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November 10, 1995 - Image 58

Resource type:
The Detroit Jewish News, 1995-11-10

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Rake In The Savings Now!

1995 3251 Convertible

studied each site and decided on
the Berlin Home, which is locat-
ed in the Telegraph and Maple
roads area.
"It took about a year for us to
decide which home and what to
do," Mr. Shecter said. "A friend
of mine is a Berlin, and his
grandfather had donated the
home (to JARC). I picked that
home because I knew the fami-
ly. But it was in need of renova-
tion. Had it been in beautiful
shape, I wouldn't have done it
just because of the Berlin name."
On-site work began in August,
when the brothers and a land-
scaping crew tore out all of the
existing shrubs and several trees
from the property. They com-
pleted the work in September,

planting a Japanese weeping
maple, flowering serviceberries,
several evergreen ewes and tam
junipers, and adding natural
field stone boulders.
Mr. Shecter said the job would
have cost at least $5,000. "But
that didn't really matter, because
we wanted to give it the full
treatment. In 10 years, I can dri-
ve by and say, 'I did that.' It is
a sense of accomplishment for
me and my brother. And it looks
good for the neighborhood," he
The Shecter Landscaping Co.
is planning a move next fall from
its location on Haggerty Road
near Pontiac Trail to a bigger
place in order to consolidate of-
fice and storage areas. ❑

Accounting Firm
Seeks Synergy




STK# 5565-10

$ 569 *










4065 Maple
ust E. of Telegraph
_ Bloomfield Hills

Michigan's Largest and Most
Experienced BMW Dealer
Family Owned and Operated Since 1964

Mon. & llurs. 'hi 9 p.m.

• Closed end lease subject to credit approval. $2,500 down, cash or trade equity. Use tax and title fees additional.First payment and $650 non-refundable security de-
L posit due at lease inception. 30 Month — 325icA, 36 month — M-3.25,000 miles 32516.e, 36,001:141eskii-3.,14e per fnile oyerlifnit. M5R79f$43,545 —325icA, $40,595
M-3. Option to purchase at lease end, $26,562 — 325icA, $22,464 — M-3. Total of payments = ad price + 65 x term. Offer ends 11/30/95.
. . .


etting up an accounting
practice used to mean buy-
ing a box of No. 2 pencils,
blank ledgers, an adding
machine and a desk.
Neil Zalenko, CPA, started out
that way in 1973. Five years lat-
er, he took on his first partner. To-
day, his firm is merging with
Geller & Co., P.C., also of South-
field, to create the sixth largest ac-
counting firm based in Michigan.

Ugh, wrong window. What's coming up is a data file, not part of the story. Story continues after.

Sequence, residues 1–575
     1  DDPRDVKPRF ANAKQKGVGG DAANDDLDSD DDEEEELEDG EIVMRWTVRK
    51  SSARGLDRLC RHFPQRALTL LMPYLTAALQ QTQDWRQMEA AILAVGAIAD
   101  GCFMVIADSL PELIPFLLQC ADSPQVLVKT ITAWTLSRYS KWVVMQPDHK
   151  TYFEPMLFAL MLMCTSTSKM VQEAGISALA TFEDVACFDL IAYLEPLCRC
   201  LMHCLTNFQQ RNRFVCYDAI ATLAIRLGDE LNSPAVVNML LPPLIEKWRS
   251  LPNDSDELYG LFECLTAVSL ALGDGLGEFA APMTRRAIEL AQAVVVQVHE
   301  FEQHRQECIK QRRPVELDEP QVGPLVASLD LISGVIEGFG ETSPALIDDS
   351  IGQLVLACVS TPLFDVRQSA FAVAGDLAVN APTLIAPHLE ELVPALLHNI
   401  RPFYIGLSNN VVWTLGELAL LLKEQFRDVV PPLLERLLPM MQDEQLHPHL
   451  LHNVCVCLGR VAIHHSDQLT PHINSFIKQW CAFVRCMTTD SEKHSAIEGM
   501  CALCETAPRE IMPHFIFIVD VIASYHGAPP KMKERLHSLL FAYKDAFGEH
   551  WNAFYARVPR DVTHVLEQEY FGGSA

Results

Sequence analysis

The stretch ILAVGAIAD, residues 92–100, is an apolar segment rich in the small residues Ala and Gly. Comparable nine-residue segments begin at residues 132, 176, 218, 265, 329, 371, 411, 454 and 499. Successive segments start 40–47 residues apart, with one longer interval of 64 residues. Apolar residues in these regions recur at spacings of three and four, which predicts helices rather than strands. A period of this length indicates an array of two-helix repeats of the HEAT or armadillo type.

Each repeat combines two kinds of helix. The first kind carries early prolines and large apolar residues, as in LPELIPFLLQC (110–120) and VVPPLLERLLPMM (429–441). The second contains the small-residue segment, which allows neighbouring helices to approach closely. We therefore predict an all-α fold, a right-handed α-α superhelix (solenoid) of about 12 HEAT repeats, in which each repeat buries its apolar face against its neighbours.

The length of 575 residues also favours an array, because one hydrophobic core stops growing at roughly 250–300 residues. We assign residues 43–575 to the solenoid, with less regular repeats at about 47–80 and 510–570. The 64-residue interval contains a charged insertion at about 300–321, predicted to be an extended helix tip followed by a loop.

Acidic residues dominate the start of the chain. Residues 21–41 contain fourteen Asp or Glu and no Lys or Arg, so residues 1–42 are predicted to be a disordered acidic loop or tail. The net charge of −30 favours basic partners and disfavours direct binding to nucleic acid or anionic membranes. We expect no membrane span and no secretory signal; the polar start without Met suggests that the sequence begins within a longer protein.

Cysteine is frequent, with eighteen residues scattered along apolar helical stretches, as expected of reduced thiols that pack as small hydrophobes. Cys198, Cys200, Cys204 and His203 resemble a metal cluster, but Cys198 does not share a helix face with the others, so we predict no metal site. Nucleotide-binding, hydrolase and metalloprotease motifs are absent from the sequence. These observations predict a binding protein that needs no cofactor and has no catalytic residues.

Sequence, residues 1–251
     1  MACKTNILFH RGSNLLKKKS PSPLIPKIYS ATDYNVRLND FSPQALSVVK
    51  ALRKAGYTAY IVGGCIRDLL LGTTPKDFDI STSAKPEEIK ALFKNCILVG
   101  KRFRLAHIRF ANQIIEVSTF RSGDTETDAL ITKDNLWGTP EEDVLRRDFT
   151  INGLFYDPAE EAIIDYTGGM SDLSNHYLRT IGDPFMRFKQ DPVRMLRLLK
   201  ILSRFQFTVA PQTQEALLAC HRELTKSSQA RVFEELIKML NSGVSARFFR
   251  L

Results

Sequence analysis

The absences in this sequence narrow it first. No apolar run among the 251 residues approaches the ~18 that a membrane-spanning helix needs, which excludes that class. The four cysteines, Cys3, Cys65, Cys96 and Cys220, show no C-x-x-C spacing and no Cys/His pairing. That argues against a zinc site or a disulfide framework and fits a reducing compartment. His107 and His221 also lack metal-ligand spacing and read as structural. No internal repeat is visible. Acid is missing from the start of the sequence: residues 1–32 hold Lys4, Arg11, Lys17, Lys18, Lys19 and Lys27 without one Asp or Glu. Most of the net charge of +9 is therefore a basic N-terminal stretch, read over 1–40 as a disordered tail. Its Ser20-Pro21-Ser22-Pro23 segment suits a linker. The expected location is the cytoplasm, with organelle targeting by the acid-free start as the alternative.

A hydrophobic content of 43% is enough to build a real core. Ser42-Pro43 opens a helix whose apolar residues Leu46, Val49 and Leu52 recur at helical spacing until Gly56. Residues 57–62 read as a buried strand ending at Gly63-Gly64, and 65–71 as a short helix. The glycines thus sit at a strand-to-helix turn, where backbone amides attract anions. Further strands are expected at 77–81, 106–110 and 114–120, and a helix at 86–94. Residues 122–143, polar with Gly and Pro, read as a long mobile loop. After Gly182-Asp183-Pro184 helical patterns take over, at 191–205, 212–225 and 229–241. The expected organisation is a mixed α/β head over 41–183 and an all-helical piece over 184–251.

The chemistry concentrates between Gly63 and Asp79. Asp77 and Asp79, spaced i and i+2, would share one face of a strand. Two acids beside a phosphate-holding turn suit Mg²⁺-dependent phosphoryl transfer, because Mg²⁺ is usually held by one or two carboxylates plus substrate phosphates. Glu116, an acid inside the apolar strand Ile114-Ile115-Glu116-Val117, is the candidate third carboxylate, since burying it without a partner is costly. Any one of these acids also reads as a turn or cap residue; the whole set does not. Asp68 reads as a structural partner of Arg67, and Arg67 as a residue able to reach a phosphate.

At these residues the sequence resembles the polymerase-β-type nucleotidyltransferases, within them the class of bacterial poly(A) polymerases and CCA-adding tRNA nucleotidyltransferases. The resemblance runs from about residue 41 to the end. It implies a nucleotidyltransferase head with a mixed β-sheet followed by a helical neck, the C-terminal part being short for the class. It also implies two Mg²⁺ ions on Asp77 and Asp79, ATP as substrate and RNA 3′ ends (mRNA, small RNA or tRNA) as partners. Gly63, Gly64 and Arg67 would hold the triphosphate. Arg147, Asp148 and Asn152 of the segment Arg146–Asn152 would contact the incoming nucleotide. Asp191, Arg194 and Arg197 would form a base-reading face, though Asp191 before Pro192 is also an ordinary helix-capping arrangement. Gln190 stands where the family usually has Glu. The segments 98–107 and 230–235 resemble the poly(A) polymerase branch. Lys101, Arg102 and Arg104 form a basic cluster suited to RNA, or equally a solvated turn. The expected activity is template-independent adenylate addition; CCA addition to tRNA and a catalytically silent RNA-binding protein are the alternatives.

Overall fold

The ranking is based on a Crain's
Detroit Business list of the top ac-
counting firms in the area.
Zalenko &
Associates will
remain in the
same Central
Park Boule-
vard building,
but with ex-
panded office
space to accom-
modate a total
of 45 employ-
Neil Zalenko
ees, 85 percent
of whom are
CPAs or aspiring CPAs.
The new partners are Mr. Za-
lenko, Barry P. Lefkowitz, Charles
L. Schiff, Michael F. Fenberg,
Paul Carter and Merrill Shapero.
The marriage between the
firms was only a matter of time.
"It's a changed business," Mr.
Zalenko said of public accounting.
"Professional firms like law firms,
accounting firms and medical
practices are more of a business
than they were 30 years ago. This
is a business running an ac-
counting firm."
New technologies, climbing la-
bor costs and other marketplace
demands have exerted their pow-
er on the solo practitioner, a di-
nosaur in most professions
nowadays. Mergers have become'
commonplace as professionals'rei
alize they can save money dad'


build a bigger client base by join-
ing forces with colleagues.
"It's a very competitive mar-
ketplace and many clients are de-
sirous of one-stop shopping. From
a client's perspective, there's a
greater consistency in that one
person is facilitating all their
needs in one discipline," said at-
torney Barry Lipson of Lipson,
Neilson, Jacobs & Cole, P.C., who
specializes in mergers and acqui-
From the perspective of the
company, diversification can
mean survival in a marketplace
that has become more competi-
tive because of a blurring of the
disciplines, he said.
"Today you can go to a bank
and get a 1040 (tax form) done. In
the financial industry and the ac-
counting industry, there are many
overlaps. Banks as of last year are
now able to sell life insurance, so
the classical lines of demarcation
have broken down. As a conse-
quence, within the financial, ac-
counting and legal industries,
there are gray areas," Mr. Lipson
Mr. Zalenko, 50, of Bloomfield
Township, noted that new com-
plexities in tax law, for example,
have put added pressure on ac-
countants to diversify.
"There's too much to know.
Now it's so much more complex,
you have to develop internal spe-
cialties. Bigger firms tend to be
able to do that," he said.
The merging of the two firms
will enable the single firm to share
expertise and continue to handle
the concerns of the smaller busi-
`There's a lot of synergy. (Geller
& Co., P.C.) is an old-line firm.
They have a good reputation.. We
could see a lot of synergies merg-
ing. We had specialties; they had

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